Writers in Communities

The Writers in Communities (WIC) program sends published, professional writers into schools, institutions, and other community settings to work alongside students of all ages and abilities. While in residence, the writers and their students create dynamic creative writing projects that challenge, celebrate, inspire and enlighten. Our innovative programs have been recognized by The New York Times and San Antonio Express-News, among others.

15 guadalupe reading

Guadalupe Home reading and book release of A Wondering Mind, 2015.

 
 

I can’t write a poem.

I’ve never even tried, and when I was thinking,

I’m pretty sure I almost died.

The way it almost happened was because I was woozy,

I’m really really tired and droopy.

I never felt like this, it’s super weird, and for some reason

there is this pirate with a really long beard.

He keeps saying, “Hardy, har, har!”

So I tried to chase him away with a roar, roar, ROAR!

This poem is getting on my last nerve.

I can’t even write because there are no lines so my words go curve.

I really can’t do this, it’s too hard, and my arm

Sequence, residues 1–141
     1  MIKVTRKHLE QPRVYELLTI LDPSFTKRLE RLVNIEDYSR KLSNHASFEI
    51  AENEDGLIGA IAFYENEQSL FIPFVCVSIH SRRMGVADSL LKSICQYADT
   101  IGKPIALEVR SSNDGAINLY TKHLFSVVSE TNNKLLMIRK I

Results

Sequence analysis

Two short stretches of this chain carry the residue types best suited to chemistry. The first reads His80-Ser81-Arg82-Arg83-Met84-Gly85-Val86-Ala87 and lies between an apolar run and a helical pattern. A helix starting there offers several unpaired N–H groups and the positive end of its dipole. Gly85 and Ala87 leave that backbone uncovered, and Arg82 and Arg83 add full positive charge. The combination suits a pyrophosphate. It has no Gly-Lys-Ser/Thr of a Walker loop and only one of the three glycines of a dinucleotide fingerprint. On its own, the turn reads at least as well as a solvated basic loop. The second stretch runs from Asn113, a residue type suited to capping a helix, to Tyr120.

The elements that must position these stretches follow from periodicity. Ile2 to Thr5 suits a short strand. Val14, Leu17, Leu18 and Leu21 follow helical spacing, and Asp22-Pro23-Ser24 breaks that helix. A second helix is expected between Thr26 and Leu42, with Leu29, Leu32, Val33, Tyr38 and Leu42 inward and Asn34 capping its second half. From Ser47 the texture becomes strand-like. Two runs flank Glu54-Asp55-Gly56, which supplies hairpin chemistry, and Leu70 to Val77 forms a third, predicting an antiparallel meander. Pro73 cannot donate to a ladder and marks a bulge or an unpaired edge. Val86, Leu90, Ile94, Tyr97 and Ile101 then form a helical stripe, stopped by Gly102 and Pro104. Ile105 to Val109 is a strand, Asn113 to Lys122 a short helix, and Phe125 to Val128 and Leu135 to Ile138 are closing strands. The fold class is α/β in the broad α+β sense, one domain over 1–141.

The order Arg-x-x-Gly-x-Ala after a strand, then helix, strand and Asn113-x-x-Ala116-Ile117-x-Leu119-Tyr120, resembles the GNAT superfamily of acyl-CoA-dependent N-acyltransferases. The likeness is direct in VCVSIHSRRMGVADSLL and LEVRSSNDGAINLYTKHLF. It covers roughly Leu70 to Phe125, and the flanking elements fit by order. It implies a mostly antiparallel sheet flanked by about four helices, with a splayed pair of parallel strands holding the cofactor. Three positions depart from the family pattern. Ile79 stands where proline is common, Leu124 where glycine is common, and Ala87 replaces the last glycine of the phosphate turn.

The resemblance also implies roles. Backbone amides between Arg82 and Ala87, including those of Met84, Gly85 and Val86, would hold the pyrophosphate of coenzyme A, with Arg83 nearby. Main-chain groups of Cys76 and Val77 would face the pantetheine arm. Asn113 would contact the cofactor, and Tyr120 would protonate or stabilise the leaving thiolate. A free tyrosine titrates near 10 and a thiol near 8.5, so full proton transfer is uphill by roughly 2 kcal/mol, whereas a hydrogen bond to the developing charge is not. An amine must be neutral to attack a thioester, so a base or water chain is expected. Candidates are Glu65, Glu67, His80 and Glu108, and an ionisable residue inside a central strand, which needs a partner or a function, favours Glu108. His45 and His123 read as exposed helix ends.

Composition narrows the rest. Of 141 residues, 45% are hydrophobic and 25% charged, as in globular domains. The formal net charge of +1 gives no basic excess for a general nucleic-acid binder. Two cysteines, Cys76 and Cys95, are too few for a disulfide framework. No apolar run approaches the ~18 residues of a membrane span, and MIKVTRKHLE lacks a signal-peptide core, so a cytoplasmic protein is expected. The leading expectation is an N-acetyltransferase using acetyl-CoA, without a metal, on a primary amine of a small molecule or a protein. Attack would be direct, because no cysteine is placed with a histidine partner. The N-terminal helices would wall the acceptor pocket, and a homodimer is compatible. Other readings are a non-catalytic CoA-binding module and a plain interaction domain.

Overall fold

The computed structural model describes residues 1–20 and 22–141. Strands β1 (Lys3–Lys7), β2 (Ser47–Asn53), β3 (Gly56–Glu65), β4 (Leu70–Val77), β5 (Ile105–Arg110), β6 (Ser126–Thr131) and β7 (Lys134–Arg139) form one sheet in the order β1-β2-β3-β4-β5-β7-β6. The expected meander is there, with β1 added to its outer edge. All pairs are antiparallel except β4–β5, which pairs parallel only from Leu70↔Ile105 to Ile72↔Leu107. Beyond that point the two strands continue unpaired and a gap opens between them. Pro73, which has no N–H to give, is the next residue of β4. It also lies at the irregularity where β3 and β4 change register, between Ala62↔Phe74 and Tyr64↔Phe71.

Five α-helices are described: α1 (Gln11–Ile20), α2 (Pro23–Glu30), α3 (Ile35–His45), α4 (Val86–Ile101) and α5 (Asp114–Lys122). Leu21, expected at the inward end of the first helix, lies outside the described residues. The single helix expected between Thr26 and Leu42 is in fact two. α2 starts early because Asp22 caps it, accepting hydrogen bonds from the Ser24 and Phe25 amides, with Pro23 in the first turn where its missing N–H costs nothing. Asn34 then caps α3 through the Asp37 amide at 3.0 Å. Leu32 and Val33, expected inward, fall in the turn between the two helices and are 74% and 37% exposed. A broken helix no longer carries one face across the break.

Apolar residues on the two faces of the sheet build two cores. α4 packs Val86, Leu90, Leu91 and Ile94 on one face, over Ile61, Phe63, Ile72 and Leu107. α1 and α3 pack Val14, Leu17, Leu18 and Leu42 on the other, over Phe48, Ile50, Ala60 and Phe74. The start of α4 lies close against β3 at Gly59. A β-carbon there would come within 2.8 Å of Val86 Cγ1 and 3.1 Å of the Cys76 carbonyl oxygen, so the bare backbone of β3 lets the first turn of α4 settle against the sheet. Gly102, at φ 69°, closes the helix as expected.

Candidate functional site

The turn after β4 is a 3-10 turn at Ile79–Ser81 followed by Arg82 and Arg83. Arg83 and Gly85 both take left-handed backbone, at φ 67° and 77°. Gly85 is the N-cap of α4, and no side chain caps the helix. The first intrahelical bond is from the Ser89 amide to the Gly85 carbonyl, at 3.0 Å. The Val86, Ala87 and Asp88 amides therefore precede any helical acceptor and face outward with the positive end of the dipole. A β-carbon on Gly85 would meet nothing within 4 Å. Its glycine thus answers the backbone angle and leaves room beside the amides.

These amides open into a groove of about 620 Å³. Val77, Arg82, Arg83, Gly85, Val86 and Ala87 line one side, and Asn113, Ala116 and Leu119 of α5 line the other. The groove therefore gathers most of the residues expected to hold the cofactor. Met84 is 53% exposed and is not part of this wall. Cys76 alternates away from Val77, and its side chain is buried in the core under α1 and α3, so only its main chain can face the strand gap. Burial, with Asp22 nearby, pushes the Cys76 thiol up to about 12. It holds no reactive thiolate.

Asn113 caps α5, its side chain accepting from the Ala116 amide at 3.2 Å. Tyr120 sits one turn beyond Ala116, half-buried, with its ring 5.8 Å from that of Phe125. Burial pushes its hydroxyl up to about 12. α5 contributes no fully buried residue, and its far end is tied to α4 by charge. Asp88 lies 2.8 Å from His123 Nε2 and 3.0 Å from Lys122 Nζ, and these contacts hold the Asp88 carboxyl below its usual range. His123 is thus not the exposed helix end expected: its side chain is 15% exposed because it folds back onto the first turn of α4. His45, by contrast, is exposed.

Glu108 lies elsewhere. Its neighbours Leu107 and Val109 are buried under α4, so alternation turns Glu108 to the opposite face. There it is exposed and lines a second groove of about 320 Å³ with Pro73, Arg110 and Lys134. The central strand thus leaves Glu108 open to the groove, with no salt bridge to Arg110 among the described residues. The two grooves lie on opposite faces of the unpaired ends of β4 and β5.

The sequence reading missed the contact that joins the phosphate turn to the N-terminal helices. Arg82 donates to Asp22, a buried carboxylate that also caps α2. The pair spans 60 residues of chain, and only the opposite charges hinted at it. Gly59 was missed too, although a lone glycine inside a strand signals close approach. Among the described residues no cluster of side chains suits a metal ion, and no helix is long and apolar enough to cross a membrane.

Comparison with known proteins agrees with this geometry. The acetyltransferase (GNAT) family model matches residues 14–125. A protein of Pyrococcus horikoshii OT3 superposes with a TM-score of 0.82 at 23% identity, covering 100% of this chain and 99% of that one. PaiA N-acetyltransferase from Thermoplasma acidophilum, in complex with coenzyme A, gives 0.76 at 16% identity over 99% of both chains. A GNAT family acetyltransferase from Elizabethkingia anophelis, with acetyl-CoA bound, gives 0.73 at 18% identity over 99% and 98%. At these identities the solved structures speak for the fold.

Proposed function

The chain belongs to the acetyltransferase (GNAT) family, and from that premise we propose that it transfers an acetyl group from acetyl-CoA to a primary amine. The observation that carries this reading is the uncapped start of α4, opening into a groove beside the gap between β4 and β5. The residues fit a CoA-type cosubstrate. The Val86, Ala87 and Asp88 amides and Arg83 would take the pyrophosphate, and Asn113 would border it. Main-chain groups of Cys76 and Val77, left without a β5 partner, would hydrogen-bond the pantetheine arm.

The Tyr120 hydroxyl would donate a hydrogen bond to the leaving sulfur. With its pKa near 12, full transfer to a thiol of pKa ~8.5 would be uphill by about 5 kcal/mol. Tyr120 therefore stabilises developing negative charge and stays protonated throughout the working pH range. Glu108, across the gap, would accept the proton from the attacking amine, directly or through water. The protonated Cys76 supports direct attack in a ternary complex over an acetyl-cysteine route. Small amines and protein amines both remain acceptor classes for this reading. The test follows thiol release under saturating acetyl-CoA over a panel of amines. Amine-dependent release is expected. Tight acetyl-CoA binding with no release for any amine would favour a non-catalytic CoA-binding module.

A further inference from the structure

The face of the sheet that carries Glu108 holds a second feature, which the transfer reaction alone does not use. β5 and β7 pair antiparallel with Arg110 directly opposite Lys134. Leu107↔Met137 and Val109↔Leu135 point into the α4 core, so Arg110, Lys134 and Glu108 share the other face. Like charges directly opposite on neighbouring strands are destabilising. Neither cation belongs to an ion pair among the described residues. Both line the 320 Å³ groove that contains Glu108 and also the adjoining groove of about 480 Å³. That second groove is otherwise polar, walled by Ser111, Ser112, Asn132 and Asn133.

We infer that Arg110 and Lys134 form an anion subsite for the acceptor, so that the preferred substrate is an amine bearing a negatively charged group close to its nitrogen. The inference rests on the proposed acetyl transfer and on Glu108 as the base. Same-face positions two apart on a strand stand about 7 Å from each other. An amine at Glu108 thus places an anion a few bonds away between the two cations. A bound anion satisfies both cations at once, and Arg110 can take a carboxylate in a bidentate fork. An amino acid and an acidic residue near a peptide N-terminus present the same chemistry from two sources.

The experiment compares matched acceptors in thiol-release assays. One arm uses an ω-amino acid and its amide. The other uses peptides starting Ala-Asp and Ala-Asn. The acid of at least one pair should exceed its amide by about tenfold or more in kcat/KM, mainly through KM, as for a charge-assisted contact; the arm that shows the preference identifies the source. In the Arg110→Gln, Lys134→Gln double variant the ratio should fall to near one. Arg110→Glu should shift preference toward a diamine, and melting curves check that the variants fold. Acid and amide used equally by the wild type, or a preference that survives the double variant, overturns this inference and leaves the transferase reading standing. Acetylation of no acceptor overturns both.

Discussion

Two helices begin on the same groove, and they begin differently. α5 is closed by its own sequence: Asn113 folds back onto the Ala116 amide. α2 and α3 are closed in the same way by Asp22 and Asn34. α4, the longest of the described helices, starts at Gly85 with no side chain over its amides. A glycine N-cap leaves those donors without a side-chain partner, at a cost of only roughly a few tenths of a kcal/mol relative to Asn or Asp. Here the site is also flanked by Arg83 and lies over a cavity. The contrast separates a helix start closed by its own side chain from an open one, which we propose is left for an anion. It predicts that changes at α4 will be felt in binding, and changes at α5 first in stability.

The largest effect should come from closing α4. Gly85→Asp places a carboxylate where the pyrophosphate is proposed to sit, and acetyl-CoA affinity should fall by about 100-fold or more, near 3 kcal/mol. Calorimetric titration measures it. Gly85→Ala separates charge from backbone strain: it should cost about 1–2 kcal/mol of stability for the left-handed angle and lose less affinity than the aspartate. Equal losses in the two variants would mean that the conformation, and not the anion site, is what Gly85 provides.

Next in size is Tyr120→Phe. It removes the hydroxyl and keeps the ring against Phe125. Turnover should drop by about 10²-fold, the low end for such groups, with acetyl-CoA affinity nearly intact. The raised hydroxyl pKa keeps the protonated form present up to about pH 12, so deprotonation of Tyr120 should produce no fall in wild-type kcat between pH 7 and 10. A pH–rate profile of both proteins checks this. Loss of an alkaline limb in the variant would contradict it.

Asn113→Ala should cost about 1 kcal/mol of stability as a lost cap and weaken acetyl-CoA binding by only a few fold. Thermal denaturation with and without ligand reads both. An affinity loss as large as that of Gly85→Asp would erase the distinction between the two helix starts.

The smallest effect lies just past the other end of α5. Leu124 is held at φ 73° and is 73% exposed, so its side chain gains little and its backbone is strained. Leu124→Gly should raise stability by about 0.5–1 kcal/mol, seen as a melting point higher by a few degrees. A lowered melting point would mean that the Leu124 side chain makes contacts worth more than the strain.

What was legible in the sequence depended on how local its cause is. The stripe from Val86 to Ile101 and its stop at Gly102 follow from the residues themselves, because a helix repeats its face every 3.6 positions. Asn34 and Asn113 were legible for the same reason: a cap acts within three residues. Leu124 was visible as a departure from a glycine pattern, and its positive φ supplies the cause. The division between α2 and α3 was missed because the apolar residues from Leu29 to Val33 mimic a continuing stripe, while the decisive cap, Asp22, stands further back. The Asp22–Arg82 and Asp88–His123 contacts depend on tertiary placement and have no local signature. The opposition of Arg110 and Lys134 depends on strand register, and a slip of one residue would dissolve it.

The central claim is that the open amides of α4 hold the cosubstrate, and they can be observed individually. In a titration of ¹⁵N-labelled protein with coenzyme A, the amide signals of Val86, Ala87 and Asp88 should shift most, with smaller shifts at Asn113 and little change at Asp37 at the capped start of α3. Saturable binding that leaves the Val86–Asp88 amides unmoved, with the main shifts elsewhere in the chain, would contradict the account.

got cut by a glass shard.

My arm is starting to bleed, it’s getting all over my paper!

Grrr! It hurts so bad!


My teacher gave me a band-aid, then all of a sudden,

when I closed my eyes with stress, I saw a mermaid.

Writing a poem is really difficult,

but I had imagination & an idea in a jolt!


Now I get it, I know how to do it;

all the things I talked about showed me how to write a poem

and I learned to poet.

Those are the reasons, until now, I couldn’t learn to poet.


From the anthology, A Blanket of Stars (2016).

 
 

Shout out to SA Youth, our wonderful writers in residence, and students at Heritage, Fenfield, Hutchins, Palo Alto, Kindred, Carrillo, and Benavidez Elementary schools, and Losoya Intermediate!

This publication truly shows the strengths and talents of our city’s youth.

These stories, poems, and short essays offer insight, humor, and new perspective. These voices are honest, raw, exploratory, and powerful. These are the voices of the next generation, and they epitomize the creative spirit that is alive in San Antonio.

 
 

 

This Is What the World Is marks the successful completion of a partnership between Gemini Ink, NEISD, and Rackspace to bring creative writing workshops to the students at Camelot Elementary and Windcrest Elementary. Gemini Ink hosted these workshops at the schools as part of our Writers in Communities program. Gemini Ink thanks Dr. Kamala Platt and Cris Bazaldua, who led the workshops and brought new insight into the value of literature and reading. We also thank the staff of both Camelot and Windcrest, who are advocates of expanding their students’ access to the arts and literature. Thank you, specifically, to Hope de Lemos, Karen Kohler and Wilma Payne, for their belief in the transformative nature of these writing workshops. Thank you to Rackspace, who funded this project.

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